Cycling FAQ

| March 2, 2010

Seven answers to the matter of everyday cycling in Denmark.

How Do Children Learn to Ride a Bike?

Mom and dad. Most kids in Denmark ride a bike before they start school – anything else would be a bit embarrassing for the family. We don’t run school programs on how to ride a bike as we do on swimming. Instead we focus on building up good transport habits on traffic rules and safety. This is a great strength, but sometimes a problem for people who don’t grow up here, as they need attention not be excluded from this important part of Danish culture.

Is Cycling Mainly for Low Income Groups?

No. Cars are very pricy in Denmark, but average income is high, and most families have at least one car. Still, a lot of people choose to ride a bike on a regular basis. Riding a bike is something enjoyed by everybody – top leaders, Nobel Prize winners, and even the Danish crown prince rides a bike.

How Many People in Denmark Own a Bike?

Most people will tell you there are as many bikes as people. In reality, some have none and others have two – but most have one. It may stand in the back of the garage in unknown condition, but it’s there.

How Much Do the Danes Ride Their Bikes?

A lot. One in four trips shorter than five kilometers is done by bike. But that covers great variation between the big cities and the countryside. In cities like Copenhagen and Odense, the bicycle is the most common means of transport for people going to work or educational institutions.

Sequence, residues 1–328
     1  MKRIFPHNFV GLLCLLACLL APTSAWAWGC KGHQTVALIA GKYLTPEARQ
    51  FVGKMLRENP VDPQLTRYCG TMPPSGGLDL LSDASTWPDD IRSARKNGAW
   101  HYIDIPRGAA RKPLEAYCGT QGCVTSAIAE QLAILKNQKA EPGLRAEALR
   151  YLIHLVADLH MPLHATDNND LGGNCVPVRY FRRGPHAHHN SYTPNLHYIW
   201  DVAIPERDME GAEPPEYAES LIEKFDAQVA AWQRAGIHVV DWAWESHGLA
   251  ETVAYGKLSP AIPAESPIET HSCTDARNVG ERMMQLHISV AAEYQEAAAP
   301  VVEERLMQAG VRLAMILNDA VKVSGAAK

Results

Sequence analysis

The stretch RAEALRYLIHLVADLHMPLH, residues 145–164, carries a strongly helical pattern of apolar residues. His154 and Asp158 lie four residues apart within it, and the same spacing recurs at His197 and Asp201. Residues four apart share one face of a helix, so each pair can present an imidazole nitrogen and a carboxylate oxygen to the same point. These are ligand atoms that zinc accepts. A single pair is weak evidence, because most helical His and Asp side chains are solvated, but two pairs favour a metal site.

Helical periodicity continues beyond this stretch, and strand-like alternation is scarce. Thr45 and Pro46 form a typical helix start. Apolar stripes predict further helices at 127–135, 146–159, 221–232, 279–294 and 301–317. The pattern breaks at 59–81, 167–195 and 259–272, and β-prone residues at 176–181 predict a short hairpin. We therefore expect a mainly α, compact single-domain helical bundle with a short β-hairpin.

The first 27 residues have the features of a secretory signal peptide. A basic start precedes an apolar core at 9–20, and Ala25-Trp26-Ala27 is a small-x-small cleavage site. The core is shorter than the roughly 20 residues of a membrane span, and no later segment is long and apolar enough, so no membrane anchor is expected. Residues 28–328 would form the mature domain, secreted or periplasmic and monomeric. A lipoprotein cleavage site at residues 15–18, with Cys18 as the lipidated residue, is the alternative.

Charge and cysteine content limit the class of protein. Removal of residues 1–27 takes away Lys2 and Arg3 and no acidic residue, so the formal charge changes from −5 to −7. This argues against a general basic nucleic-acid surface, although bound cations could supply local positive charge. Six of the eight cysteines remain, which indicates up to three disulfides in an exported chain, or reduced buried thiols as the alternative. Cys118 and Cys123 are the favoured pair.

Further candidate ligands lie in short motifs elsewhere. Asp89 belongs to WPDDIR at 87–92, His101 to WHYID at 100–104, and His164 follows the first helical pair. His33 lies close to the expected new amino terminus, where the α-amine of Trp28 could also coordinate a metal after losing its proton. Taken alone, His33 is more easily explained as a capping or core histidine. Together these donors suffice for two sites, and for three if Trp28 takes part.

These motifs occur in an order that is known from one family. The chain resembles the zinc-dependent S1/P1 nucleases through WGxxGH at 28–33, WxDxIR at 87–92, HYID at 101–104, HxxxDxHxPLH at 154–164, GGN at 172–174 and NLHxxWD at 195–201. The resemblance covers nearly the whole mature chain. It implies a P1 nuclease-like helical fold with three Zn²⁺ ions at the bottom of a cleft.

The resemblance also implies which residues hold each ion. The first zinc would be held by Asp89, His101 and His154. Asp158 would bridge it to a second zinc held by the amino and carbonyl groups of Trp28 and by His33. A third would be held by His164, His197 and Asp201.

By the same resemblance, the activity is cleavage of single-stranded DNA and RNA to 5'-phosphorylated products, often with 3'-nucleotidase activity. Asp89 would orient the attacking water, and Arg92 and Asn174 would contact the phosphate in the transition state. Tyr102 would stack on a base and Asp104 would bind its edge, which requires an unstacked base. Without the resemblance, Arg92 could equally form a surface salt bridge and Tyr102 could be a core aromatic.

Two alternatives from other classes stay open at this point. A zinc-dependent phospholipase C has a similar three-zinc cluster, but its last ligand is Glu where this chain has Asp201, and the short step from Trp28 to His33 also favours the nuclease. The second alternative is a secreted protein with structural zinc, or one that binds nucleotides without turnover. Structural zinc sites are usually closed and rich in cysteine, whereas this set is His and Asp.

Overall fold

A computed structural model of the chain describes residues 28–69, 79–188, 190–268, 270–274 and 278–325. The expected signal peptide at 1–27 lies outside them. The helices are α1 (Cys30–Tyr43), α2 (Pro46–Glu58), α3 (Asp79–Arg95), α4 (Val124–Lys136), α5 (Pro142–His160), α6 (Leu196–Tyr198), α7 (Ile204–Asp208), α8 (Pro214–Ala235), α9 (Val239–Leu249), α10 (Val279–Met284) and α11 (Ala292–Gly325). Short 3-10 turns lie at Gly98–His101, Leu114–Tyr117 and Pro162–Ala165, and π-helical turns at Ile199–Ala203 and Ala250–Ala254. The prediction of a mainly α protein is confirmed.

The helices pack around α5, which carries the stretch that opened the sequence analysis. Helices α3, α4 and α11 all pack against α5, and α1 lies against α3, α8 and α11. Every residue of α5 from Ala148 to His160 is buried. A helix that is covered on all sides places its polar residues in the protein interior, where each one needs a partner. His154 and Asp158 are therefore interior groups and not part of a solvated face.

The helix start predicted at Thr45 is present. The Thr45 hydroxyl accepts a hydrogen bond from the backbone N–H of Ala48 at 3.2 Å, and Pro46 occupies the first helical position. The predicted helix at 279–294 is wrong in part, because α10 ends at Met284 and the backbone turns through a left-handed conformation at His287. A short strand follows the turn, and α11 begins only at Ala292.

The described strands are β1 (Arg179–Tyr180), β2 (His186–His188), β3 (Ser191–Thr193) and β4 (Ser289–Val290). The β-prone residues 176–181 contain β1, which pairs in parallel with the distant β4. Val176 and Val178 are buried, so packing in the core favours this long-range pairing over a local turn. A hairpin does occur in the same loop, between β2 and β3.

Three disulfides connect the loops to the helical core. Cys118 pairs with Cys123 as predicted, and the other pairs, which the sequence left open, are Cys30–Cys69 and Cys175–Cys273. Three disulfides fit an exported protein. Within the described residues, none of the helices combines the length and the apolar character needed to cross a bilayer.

What Do Danish Cyclists Do When It Rains?

We wear rain clothes. Of course, some cheat and take the bus or a taxi, but really stormy weather and big amounts of ice or snow are the only kinds of weather that don’t go along with cycling. Many Danish cyclists also ride a bike in the winter.

How Can We Get More People to Ride a Bike in Our Country?

Riding a bike is a choice. If you want more people to become cyclists, you must make it attractive to ride a bike. Make it safe, easy, fun, and economically attractive. Look at your infrastructure, your tax system, and hat
you teach your children at school. Last but not least: tell the cyclists that what they do is cool.

How Come so Many People Ride a Bike in Denmark?

We would love to tell you that the Danes are more idealistic than others – unfortunately we’re not. The Danes ride bikes because it is practical, easy, and makes their everyday lives work. No parking problems, no long traffic lines, no waiting for the bus. But for the vast majority of Danes, the benefits to health, environment, congestion, climate, and so forth, are certainly welcome side effects.

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